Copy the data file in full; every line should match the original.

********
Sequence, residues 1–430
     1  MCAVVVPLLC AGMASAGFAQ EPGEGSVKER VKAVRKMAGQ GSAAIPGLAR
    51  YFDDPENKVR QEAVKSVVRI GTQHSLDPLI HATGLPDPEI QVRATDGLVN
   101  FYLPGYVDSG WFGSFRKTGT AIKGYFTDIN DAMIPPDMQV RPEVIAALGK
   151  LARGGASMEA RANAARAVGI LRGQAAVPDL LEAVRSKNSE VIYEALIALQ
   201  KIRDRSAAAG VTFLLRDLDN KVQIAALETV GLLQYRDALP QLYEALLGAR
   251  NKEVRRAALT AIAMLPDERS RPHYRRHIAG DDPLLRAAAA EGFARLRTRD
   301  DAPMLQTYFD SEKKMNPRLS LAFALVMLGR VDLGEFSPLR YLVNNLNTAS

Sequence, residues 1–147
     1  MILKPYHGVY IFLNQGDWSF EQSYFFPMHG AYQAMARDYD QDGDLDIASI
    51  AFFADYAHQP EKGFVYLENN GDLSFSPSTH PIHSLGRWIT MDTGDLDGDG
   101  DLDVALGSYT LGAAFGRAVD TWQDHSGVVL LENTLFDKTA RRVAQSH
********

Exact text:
Sequence, residues 1–430
     1  MCAVVVPLLC AGMASAGFAQ EPGEGSVKER VKAVRKMAGQ GSAAIPGLAR
    51  YFDDPENKVR QEAVKSVVRI GTQHSLDPLI HATGLPDPEI QVRATDGLVN
   101  FYLPGYVDSG WFGSFRKTGT AIKGYFTDIN DAMIPPDMQV RPEVIAALGK
   151  LARGGASMEA RANAARAVGI LRGQAAVPDL LEAVRSKNSE VIYEALIALQ
   201  KIRDRSAAAG VTFLLRDLDN KVQIAALETV GLLQYRDALP QLYEALLGAR
   251  NKEVRRAALT AIAMLPDERS RPHYRRHIAG DDPLLRAAAA EGFARLRTRD
   301  DAPMLQTYFD SEKKMNPRLS LAFALVMLGR VDLGEFSPLR YLVNNLNTAS

Sequence, residues 1–147
     1  MILKPYHGVY IFLNQGDWSF EQSYFFPMHG AYQAMARDYD QDGDLDIASI
    51  AFFADYAHQP EKGFVYLENN GDLSFSPSTH PIHSLGRWIT MDTGDLDGDG
   101  DLDVALGSYT LGAAFGRAVD TWQDHSGVVL LENTLFDKTA RRVAQSH